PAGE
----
Custodial and Non-Custodial Tax Breaks
Divorce comes with many consequences. One consequence can be tax responsibilities. If there are children involved, who gets the related custodial tax breaks? The answer to that often rests upon who is allowed to claim the child as a dependent.
In general, for tax-related purposes, the custodial parent is the parent with whom the child resides for the greater part of the year. The other parent is the non-custodial parent. The usual rule is that only the custodial parent may claim the dependent exemption deduction. However, there is an exception that allows the custodial parent to allow the noncustodial parent the right to claim the child as a dependent.
In order to be able to use this exception to the rule certain conditions must be met.
- Support Requirement – Over half of the child’s support for the year must be supplied by one or both parents.
- Divorced or Separated Requirement – The parents must be divorced or separated under a written agreement at the end of the year or have lived apart for the last six months of the year.
- Custody Requirement – The child must be in the custody of the one or both parents for over half the year
- Written Declaration Requirement – The custodial parent must sign a written declaration releasing to the noncustodial parent the right to claim the designated child as a dependent for a year.
When all of the above conditions are met, the noncustodial parent becomes eligible for the tax breaks listed below. Only one parent can claim these tax breaks.
- Dependency Exemption Deduction: $4.050 for the year 2016.
- Child Tax Credit: This credit is worth up to $1,000 for each eligible child.
- Higher Education Tax Credits: The American Opportunity credit can be worth up to $2,500 during the first four years of a child’s college education. The Lifetime Learning credit can be worth up to $2,000 and it can cover just about any higher education costs.
- Student Loan Interest Deduction: This deduction can be worth up to $2,500 for qualified student loan interest expense paid by the noncustodial parent.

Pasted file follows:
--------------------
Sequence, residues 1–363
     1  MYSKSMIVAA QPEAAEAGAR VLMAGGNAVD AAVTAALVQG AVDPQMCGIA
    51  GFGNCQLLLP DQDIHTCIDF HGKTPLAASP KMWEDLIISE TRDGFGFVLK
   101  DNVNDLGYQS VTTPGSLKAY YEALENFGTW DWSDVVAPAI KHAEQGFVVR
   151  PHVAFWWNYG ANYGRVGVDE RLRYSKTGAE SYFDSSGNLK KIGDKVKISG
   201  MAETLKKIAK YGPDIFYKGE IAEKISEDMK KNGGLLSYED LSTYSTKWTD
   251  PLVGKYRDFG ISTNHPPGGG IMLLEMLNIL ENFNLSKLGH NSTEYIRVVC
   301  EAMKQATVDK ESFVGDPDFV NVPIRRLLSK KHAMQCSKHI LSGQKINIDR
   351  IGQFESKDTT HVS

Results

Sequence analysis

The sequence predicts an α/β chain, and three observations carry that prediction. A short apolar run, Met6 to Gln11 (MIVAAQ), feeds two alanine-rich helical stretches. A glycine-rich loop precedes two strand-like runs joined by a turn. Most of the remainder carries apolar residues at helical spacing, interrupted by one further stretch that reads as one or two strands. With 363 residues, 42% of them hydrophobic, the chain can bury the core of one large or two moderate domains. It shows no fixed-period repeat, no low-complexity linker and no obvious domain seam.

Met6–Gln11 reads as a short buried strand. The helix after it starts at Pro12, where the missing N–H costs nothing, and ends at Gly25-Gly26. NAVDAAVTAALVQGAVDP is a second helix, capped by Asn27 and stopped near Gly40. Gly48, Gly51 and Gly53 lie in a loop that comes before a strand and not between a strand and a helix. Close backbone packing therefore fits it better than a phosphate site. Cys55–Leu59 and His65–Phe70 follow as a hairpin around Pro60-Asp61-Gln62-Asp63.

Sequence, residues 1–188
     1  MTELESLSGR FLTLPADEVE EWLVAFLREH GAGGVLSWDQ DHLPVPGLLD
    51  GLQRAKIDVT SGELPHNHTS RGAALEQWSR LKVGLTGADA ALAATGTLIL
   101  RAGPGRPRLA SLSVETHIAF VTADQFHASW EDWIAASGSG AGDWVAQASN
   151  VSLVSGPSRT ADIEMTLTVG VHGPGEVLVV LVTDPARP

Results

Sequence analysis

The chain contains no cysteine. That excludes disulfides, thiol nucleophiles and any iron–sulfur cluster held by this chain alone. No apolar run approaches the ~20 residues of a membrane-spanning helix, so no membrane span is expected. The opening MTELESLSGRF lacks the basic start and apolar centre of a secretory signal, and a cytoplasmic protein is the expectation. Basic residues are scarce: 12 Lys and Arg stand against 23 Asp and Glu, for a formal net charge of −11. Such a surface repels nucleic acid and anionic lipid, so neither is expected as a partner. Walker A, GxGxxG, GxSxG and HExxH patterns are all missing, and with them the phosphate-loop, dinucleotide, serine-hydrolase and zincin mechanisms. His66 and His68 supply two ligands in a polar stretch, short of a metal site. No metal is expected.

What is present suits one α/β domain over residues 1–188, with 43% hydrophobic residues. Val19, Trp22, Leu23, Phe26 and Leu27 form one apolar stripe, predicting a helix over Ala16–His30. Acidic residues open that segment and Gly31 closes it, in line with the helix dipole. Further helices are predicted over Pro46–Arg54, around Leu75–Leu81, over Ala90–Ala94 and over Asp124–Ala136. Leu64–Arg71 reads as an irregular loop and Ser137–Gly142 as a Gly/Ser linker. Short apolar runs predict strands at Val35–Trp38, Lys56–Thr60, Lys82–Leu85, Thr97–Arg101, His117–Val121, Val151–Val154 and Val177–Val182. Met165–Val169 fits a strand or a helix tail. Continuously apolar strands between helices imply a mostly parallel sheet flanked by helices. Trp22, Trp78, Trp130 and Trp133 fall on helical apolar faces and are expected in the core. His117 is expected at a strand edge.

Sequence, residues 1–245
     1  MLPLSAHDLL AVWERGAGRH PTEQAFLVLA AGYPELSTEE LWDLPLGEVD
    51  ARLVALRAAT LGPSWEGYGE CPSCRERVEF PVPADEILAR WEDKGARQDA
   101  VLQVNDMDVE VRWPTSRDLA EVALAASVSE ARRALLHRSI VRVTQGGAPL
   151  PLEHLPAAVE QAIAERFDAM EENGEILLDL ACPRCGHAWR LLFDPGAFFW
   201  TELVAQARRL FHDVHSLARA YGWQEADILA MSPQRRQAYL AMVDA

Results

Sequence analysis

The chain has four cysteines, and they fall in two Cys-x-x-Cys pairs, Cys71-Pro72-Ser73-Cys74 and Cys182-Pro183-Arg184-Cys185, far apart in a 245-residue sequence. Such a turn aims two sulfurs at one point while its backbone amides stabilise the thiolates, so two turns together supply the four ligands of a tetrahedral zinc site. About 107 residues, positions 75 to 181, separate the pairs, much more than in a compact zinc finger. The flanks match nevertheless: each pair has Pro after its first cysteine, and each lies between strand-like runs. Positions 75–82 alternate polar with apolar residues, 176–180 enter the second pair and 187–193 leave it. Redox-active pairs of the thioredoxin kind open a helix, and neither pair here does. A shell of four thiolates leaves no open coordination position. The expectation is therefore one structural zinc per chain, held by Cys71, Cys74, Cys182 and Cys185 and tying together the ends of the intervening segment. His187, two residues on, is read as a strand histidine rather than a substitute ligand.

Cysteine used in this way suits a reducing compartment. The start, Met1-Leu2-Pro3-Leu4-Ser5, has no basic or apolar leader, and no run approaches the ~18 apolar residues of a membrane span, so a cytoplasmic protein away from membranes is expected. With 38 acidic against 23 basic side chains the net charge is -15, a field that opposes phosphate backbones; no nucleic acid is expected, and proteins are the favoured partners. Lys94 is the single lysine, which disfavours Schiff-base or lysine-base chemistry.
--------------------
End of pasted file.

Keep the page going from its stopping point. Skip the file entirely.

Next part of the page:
- Tuition Deduction: This deduction can be worth up to $4,000 for higher education tuition and mandatory enrollment fees. As with other deductions, it can go down as income level rises.
Also keep in mind that there are tax breaks available for both the custodial and the noncustodial parent available every year.
- Itemized deductions for the child’s medical expenses
- Tax-free employer-provided benefits for the child
- Tax-free health savings account (HSA) distributions to cover the child’s medical expenses
It also is important to keep in mind that there are certain deductions that only the custodial parent may claim. These include:
- Head of Household Filing Status: The standard deduction for filing as head of household is higher and the income levels are a bit looser
- Earned Income Tax Credit: In the year 2016, this credit can be worth $3,373 for one child and goes up to $6,269 for three or more children
- Child Care Tax Credit: This is based on the custodial parent’s income, but can go as high as $600-1,050 for one child and $1,200 to $2,100 for two or more.
The rules laid out here can be confusing even to tax professionals. If you are in need of more information, IRS Publication 504 (Divorced or Separated Individuals) is available at the IRS website. We also recommend speaking with an accountant. Hiring an accountant experienced in handling divorces and tax breaks is recommended for at least the first few years after a divorce . You don’t want to pile IRS trouble on top of all of the stress of a divorce.